Cocktail Hour

Mine’s a margarita. But as with any cocktail, it has to be  just so. Combine agave tequila with a small amount of agave nectar. Add freshly squeezed lime, no pips, but some pulp.  A bit of rough. So, too, the ice. Crushed but not too granular. There is of course only one salt – Maldon – to use. This has to be crunched by hand into smaller pieces before the rim of the glass is rolled in it. For me, it’s got to be a good quarter of an inch round the edge. And the glass has to be a classic cocktail glass with a tall stem and wide rim circumference. Only have one. Sometime after 6 and before 8.
It’s not just the combination of ingredients that has to be spot on. Nor the ratio between them. The magic lies in the mix, because when it’s on target each individual ingredient stands out so much better than on its own.
Same for fighting TEF.
I’m now on so many therapies I have visions of Maureen Lipman in that ‘80s ad for BT were she praises her grandson for getting ‘an ‘ology. “You get an ‘ology and you’re a scientist!”. I get a therapy and I’m cured! If only it were that simple.
Here’s what I’ve done and am doing, four months in:
–          Immunotherapy
–          Radiotherapy
–          Chemotherapy
–          Electrotherapy
Supplemented with aspirin, celebrex, melatonin, levetiracetam (note to normal people: you can gain subconscious bonus points from consultants if you call meds by their real names, not the brands), calcium, vitamin d, vitamin b, frankincense (oh yeah – and sniffed, what’s more). Next week I finalize the additional 15+ supplements I’m considering adding to that list. Then there’s the medical marijuana to add into the mix. Oh, and I haven’t even talked about the ketogenic diet I’m following. All I need now is Tom Cruise – hang on, I don’t think any of us need Tom Cruise anymore – or Mr Bond to shake, not stir….
So my University of Life course has narrowed of late, with my growing specialism in oncology. Bit tough when I was always hopeless at science. Luckily I took the precaution of marrying into a Medic Mafia, aka the Pilkingtons. Where they help probe the finer details of a PD-I checkpoint inhibitor, I default to my historian training.
The most successful patient advocacy movement of the 20th Century has got to be the Aids lobby.  Aided (sorry) by years of dogged campaigning, the patients knew how to get their voice heard. They didn’t just craft a case and blast the medical research establishment. They tipped urns of ashes over the White House lawn. They blended a unique campaigning cocktail, while the medics blended a range of antiretroviral medicines.  The resulting cocktail has turned what was certain to lead to a swift tombstone into a manageable disease.
A decade ago, the buzzword amongst many oncologists was targeted therapies. The mapping of genes and greater understanding of individuals’ genetic make-up would inevitably lead to individual therapies for each unique patient. But it isn’t just patients who are complex. Cancer is really a name for a wide-ranging, highly complex group of diseases, many of whom have a tendency to dodge bullets and morph into new horrors, in much the same way a Hollywood action movie makes the impossible believable. Sadly, when it comes to cancer, it’s true.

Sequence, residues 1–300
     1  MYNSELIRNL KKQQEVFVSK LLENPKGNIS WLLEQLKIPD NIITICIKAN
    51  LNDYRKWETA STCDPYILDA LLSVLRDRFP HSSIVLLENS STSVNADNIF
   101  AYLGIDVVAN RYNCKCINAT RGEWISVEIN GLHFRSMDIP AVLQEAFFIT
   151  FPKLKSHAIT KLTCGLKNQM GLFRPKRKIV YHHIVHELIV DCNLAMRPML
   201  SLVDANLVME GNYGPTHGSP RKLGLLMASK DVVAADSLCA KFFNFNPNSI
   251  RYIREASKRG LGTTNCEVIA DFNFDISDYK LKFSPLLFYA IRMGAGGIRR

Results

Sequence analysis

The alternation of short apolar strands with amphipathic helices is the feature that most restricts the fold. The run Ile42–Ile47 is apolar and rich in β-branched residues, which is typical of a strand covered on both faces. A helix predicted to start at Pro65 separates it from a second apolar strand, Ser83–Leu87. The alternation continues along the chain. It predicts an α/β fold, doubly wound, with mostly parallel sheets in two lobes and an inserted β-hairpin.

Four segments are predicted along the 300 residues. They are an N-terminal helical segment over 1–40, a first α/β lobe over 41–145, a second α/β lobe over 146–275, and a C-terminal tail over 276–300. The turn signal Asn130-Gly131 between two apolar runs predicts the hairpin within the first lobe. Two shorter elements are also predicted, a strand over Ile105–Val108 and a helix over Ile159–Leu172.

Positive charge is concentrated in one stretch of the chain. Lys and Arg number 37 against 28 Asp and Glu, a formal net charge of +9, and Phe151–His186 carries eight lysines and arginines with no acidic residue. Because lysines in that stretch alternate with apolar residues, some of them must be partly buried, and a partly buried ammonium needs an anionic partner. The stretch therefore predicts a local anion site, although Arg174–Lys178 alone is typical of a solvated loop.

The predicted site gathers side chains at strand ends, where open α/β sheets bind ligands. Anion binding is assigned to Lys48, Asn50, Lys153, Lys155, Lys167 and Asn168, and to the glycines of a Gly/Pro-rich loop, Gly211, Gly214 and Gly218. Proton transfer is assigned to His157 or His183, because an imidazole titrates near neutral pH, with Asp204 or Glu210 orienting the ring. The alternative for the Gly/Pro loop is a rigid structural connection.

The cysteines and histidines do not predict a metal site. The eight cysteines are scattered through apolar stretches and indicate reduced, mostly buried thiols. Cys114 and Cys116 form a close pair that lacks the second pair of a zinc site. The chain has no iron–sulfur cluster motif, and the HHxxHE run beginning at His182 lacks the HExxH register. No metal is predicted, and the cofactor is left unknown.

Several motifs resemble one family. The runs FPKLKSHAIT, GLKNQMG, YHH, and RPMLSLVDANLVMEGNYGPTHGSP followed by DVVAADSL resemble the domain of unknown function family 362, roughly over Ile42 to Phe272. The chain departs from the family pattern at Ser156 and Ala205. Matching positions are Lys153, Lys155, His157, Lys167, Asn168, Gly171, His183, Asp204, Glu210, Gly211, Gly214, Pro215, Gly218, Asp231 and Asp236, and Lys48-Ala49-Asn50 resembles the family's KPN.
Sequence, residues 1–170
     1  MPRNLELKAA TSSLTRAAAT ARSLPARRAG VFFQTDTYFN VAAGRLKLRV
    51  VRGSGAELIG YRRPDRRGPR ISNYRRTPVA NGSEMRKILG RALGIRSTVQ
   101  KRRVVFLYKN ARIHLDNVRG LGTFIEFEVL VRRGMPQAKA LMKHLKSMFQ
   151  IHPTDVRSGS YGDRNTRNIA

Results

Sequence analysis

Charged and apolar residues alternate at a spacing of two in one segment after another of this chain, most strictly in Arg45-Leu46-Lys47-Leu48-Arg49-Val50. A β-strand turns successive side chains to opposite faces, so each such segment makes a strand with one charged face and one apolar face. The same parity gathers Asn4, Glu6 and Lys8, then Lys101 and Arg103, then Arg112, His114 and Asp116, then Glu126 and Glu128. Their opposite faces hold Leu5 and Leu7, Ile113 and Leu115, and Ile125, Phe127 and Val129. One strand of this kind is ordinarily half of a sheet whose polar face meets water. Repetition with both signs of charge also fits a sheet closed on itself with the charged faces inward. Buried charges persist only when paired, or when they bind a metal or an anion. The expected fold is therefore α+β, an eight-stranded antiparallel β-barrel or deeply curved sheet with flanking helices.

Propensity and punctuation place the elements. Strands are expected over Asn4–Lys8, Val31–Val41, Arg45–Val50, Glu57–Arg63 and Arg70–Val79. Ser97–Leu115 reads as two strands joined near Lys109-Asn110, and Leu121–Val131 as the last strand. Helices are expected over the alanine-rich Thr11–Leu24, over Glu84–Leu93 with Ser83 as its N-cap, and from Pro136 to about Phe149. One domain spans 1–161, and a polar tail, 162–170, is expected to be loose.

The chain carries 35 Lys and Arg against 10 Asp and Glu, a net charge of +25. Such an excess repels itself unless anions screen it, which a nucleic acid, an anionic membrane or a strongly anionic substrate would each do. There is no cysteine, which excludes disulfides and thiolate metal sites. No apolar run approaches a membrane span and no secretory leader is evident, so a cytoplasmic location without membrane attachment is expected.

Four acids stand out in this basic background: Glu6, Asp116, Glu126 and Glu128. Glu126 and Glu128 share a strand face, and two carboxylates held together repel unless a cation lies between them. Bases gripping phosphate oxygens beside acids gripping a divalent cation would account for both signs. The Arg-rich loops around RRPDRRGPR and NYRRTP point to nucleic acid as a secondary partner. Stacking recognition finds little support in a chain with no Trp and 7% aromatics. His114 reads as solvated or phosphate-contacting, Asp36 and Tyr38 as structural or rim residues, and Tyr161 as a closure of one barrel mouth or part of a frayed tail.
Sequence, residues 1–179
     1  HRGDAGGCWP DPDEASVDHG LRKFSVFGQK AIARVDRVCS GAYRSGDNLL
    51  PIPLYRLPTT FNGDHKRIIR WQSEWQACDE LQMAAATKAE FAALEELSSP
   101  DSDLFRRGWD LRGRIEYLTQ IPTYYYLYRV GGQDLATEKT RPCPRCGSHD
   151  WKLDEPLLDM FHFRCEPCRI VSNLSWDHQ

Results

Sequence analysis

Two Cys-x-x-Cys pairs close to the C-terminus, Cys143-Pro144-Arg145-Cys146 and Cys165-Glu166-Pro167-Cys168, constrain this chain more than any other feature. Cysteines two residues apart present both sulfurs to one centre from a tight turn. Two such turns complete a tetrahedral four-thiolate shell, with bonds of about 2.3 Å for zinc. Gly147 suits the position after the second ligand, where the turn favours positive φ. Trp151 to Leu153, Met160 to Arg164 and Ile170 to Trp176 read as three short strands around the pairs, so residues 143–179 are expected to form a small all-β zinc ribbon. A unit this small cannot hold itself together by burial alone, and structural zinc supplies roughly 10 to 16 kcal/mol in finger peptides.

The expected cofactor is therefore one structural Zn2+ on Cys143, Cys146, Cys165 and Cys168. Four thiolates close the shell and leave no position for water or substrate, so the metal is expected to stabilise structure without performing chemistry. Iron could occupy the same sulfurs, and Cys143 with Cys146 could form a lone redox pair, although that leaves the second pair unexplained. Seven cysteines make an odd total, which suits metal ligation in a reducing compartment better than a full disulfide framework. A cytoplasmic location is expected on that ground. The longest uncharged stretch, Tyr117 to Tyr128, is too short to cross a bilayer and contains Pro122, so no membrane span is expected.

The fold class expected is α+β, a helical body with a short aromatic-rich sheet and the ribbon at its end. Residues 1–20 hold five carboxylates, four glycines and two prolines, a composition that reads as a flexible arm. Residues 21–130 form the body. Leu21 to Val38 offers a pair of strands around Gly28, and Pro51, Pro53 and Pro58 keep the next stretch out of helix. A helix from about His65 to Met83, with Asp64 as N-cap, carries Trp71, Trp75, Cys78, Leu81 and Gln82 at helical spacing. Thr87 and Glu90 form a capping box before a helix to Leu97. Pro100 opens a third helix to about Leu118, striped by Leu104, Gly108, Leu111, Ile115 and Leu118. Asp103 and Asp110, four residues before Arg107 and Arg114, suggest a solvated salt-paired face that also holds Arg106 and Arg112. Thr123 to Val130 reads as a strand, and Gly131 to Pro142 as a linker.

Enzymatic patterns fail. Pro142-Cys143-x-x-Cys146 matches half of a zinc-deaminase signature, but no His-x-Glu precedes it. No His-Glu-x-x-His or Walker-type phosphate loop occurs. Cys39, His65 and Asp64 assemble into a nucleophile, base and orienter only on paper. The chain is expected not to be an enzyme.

Fighting with a complex array of armory that both blocks as many pathways the cancer cells seek to fight back from, as well as present strengths borne from the synergy of the cocktail mix, is a route many in the cancer world are now pursuing.
Makes sense to me. But if only they could relate it to fabulous alcohol it might sound a bit more exciting, non? It’s not for nothing I’m in PR.
In other news…
The electrodes are on. The backpack is full. The imaginatively named ‘device’ is lit. And the batteries come and go. I started Optune, made by Novocure, last Thursday. The company sent a charming chap round to run through the whole malarkey. I couldn’t actually understand a word he said, but luckily the website has lots of useful videos. Except of people I can relate to.
So the day before he comes round, I wait until everyone’s left the house. I creep into the bathroom and tentatively start shaving the little hair I have left. I discover Ed’s shaving cream. Who knew guys have it so easy? Off it came. And then, thanks to the Kardashian gels, I take a selfie. Time to bust out of the help site and seek support, encouragement and energy from the world…. via facebook. Wowee! I thought the only way to get a compliment out of you lot was to post a pic of the kids. Who knew I was Charlize Theron, or the one from Ex Machina?
One of my big fears was how people in the street would stare at me. But what I hadn’t clocked was that when they stare, they make sure I don’t see them doing it. Which is exactly what I do when I see someone looking a bit different. More importantly, I hadn’t anticipated how proud I would feel, having embraced a treatment many are uncertain of, yet which doesn’t include any toxicity. When I met Deb and Claire at the Farmer’s Market on Saturday, I found myself tearing off the headscarf, and asking Deb to film me as I walked around the market. Few starers betrayed themselves. I started wondering about how to draw more attention to my head, rather than less. Why a fake wig when my old hair was so past its sell by date? Jude – surely Damien could be persuaded to paint some dots on the ceramic dishes pressed to my skull? Let’s be proud and confident that despite whatever, wherever and however TEF tries, it Will. Not. Succeed.
Which reminds me. Another one to add to the list:
–          Psychotherapy.
Back to Stephen Jay Gould, whose writings are continuing to blow my mind. Take this: “Science is not a heartless pursuit of objective information. It is a creative human activity, its geniuses acting more as artists than as information processors.”
After all that meandering, I think I deserve a  very special cocktail.
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